The tea plantation was beautiful. Tea bushes carpeted the rolling mountains, and the factory had a cafe that overlooked the whole thing, with walls made totally of glass and a deck that jutted over the tea bushes. We had a quick factory tour, then a light lunch in the cafe. I had a pot of Earl Grey with Tangerine tea that was quite good, and a pretty good tuna sandwich.
I wasn't very excited about the butterfly farm...I had been to butterfly gardens before, and they're all the same. Well, this one had the addition of a large collection of yucky bugs, from Rhinocerus Beetles to tarantulas to scorpions, and the man who worked there let us hold most of them. And by let, I mean sometimes forced. But it was really interesting. I even held a scorpion!! He promised us it was safe, and he was holding a lot. Afterwards, he explained that the scorpion, since it stings with its tail, can't sting you if you hold it. The tail can only flip up to the area over its body, so it can only get you it your hand is over its back, or if you step on it. We also got to hold these really lazy geckos, called cat-eyed geckos, who sleep most of the day and move like they're in slow-motion. They were sooo cute!
The butterflies were alright...what you can expect. Pretty butterflies. Flowers. The strawberry farm was interesting, since the strawberries and the other things that they grew there (various types of lettuce, parsley) were all grow hydroponically. That means they're grown in either pots or pipes hanging above the ground. Their roots grow either in the water, like the lettuce, or in the air once they outgrow the pots, like the strawberries. Water is pumped through them instead of onto them, saving water that usually gets lost in soil seepage and evaportation. The water is also reinforced with nutrients to help them grow, so they don't need fertilizer. Plus, since they're hanging, they save space. There can be more plants closer together, and other plants can grow on a bottom layer. For example, the parsely was growing below the strawberries.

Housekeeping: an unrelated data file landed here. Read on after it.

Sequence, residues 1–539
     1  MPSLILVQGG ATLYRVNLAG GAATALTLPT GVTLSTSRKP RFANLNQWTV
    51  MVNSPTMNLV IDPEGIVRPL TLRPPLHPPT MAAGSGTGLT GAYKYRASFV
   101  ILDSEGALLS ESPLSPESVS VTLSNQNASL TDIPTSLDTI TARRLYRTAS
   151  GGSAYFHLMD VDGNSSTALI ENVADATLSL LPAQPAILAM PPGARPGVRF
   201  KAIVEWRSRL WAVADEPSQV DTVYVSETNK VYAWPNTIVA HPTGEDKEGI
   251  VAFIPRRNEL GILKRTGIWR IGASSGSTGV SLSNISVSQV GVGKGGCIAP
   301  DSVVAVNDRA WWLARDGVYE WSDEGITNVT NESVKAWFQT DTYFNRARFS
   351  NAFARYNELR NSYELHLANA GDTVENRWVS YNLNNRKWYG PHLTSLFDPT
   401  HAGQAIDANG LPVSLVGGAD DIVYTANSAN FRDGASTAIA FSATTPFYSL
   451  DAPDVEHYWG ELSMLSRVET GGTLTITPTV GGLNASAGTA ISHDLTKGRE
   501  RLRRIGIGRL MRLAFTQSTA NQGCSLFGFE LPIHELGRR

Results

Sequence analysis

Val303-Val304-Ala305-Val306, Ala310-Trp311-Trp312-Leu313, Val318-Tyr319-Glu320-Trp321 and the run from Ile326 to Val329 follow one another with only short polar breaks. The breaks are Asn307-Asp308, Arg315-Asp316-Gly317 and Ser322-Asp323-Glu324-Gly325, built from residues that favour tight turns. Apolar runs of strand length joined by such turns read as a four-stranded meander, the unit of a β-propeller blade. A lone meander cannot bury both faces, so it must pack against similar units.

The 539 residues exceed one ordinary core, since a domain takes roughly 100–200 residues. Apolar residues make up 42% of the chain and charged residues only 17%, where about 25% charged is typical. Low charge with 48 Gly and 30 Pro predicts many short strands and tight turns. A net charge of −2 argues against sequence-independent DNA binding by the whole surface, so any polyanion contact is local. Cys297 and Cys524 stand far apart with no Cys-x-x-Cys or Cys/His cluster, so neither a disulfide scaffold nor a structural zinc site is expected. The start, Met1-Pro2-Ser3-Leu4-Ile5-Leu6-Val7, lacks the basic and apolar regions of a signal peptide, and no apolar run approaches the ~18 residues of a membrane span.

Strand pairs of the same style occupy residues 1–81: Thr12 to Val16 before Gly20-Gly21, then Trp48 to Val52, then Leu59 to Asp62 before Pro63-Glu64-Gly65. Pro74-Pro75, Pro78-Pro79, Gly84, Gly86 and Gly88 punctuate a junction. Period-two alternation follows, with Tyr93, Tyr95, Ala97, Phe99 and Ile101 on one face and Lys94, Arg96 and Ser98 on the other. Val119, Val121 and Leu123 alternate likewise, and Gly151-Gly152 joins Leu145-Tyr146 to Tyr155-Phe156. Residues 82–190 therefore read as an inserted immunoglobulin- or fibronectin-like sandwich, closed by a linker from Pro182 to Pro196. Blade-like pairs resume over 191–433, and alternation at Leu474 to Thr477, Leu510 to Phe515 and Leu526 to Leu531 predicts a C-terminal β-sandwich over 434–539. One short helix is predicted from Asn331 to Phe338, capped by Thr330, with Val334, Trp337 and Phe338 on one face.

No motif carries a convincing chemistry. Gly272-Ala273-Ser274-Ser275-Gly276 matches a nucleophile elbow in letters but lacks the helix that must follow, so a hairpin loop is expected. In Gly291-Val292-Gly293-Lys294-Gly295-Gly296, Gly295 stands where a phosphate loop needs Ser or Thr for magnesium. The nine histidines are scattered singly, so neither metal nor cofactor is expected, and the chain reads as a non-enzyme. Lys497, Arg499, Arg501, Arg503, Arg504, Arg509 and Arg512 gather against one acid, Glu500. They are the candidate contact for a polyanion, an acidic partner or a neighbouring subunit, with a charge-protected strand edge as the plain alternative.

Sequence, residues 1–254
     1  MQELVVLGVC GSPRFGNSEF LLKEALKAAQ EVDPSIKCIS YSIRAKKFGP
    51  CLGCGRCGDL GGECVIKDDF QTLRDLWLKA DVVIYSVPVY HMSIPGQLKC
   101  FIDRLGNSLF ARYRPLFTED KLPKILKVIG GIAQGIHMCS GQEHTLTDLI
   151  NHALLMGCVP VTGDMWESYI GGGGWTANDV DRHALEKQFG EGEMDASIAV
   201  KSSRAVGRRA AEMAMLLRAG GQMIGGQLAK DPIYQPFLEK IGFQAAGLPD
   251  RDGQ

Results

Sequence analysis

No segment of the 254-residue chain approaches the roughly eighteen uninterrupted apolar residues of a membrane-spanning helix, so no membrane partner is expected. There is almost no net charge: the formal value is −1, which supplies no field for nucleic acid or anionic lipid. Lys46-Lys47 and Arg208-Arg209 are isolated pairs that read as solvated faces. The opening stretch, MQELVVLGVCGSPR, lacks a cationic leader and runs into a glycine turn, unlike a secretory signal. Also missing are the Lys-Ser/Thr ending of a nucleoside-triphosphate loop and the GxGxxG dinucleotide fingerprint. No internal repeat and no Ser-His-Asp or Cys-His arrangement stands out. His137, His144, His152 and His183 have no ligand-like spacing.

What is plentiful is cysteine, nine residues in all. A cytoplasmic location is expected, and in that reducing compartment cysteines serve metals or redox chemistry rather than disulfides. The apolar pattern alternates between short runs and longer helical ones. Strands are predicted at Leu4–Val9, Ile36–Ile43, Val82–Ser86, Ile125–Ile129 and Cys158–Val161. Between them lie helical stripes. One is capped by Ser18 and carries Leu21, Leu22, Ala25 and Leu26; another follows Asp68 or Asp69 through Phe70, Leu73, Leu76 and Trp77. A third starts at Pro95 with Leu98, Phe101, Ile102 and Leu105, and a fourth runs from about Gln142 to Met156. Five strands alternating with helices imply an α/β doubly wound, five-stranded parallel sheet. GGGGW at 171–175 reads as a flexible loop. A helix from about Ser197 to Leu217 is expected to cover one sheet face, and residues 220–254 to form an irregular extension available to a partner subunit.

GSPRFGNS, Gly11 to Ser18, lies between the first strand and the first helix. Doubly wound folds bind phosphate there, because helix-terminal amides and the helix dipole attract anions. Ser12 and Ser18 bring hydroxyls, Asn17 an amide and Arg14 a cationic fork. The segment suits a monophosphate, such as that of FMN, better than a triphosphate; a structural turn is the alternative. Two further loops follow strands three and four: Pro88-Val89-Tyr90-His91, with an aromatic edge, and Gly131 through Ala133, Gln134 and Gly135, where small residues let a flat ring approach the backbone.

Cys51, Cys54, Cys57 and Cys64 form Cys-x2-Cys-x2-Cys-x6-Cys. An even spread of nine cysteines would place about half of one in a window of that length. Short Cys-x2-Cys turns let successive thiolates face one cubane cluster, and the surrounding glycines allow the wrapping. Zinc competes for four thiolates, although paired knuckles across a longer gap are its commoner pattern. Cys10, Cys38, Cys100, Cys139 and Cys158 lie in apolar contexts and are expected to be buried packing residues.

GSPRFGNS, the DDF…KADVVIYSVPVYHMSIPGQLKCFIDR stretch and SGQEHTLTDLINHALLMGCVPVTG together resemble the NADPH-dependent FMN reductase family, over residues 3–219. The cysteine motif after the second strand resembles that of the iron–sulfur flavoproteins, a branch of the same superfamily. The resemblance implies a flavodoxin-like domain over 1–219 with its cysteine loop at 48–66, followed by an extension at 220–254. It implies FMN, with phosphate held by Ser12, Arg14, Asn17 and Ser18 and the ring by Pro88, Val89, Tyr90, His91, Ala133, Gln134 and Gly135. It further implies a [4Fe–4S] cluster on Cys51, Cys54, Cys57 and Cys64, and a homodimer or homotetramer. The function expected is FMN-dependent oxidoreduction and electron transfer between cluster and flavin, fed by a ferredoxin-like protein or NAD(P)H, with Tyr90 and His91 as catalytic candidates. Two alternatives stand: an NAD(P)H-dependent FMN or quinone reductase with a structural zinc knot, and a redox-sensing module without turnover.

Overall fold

Anyway, enough agricultural lessons. The strawberries were delicious! Jon and I shared a strawberry milkshake, and a bowl of strawberries and cream. Yum!
Today we're leaving the jungle to start our journey into Thailand. Today we take a bus to Ipoh, the closest train station, and catch the night train to Hat Yai in Thailand. We'll get there tomorrow morning, then take another night train to Bangkok. We'll be in Bangkok for a day or so, go west for a few days to Kanchanaburi to go to a seven-tiered waterfall (you can swim in every tier!) then another overnight train to Chang Mai for Saturday morning. Aye. I'm tired already!
"Words have no wings, but they can travel a thousand miles" (Korean Proverb)
Welcome to Flying Words, Jon and Aileen's blog of our adventures in South Korea! We will be in South Korea for a year, starting in mid-July, teaching English in a private school. We just graduated from college this past May, and are looking forward to having some adventures before continuing our education.
We started this blog to keep all our family and friends updated and to share our photos and stories. We hope this is entertaining for you! We will miss you all, and are very thankful to have the internet to keep us in touch.